We believe in transparency and maintain editorial independence from our advertisers. Our team does not receive direct compensation from advertisers, allowing us to create unbiased content that prioritizes your interests.

A travel iron may be a terrific thing to pack to deal with wrinkled clothing. Although some hotels and motels may have irons available in their rooms, they aren’t always in the best shape. It isn't a guarantee that there will always be a courtesy iron available should it be needed.

There are several things that make a travel iron different from a standard iron used at home. First, these irons are typically smaller, usually about one-third to one-half the size of home irons. Second, the handle on these irons usually folds down, making it easier to pack them in a small space. Size usually means a travel iron is significantly lighter, weighing no more than a few pounds. Most also have convenient travel bags so you can cleanly store the travel iron when it is not in use.

Many travel irons can convert from 120 to 240 watts without problem. However if taking the travel iron outside of the country, it may not fit in the outlets available in other countries. Check your travel itinerary to determine if a plug adapter is necessary.

Quite a few travel irons have steam capacity, which can help get out stubborn wrinkles. They may not have as many settings as home irons, and some people find the smaller base of the iron difficult to use on large pieces of clothing like suits or coats. However, even at home, you can use a travel iron. It may be an excellent tool for ironing around buttons or other things on clothing that shouldn’t be exposed to heat.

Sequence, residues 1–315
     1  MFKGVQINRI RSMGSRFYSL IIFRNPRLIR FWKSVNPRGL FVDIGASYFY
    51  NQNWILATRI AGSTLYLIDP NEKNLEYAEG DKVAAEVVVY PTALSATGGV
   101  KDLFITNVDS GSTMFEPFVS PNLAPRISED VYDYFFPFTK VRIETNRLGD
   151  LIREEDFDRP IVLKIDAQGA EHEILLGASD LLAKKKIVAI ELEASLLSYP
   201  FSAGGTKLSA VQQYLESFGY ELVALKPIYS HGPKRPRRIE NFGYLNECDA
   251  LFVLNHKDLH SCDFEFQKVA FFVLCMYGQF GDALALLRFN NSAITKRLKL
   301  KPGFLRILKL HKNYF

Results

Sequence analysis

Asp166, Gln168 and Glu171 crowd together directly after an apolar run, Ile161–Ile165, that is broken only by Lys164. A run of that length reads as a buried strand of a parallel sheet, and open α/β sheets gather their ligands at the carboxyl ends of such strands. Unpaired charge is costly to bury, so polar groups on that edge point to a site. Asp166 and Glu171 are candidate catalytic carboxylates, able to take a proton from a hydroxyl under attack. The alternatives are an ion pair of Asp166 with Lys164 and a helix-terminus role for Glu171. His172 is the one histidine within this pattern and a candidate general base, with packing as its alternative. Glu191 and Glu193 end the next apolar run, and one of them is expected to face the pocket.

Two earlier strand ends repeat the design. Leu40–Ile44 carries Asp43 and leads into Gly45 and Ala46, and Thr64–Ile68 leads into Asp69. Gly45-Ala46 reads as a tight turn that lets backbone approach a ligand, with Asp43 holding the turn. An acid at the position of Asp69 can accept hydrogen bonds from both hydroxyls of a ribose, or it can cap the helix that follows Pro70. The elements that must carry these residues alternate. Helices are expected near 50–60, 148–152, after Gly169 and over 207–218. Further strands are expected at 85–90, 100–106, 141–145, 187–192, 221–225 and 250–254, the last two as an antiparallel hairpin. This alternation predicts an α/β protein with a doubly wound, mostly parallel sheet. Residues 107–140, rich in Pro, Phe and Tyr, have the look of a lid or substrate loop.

There are numerous travel iron styles on the market and they can vary in price depending upon extra features. Very simple ones may cost around $20-30 US Dollars (USD). Prices can well exceed this when the iron has either a better brand name or more “bells and whistles.”

One thing to remember if the iron uses steam is to make sure to empty water compartments before packing the iron away. This will prevent water from accidentally leaking onto clothing packed with the travel iron. It’s also a good idea to empty any water out of the iron before putting the iron away after traveling. Another important tip is to pay attention to the fabric bag used to cover the iron. Some of these are made of nylon and will melt if you don’t allow the iron to cool before packing it away.

HomeQuestionsAnswered is dedicated to providing accurate and trustworthy information. We carefully select reputable sources and employ a rigorous fact-checking process to maintain the highest standards. To learn more about our commitment to accuracy, read our editorial process.
Tricia Christensen
By Tricia Christensen , Writer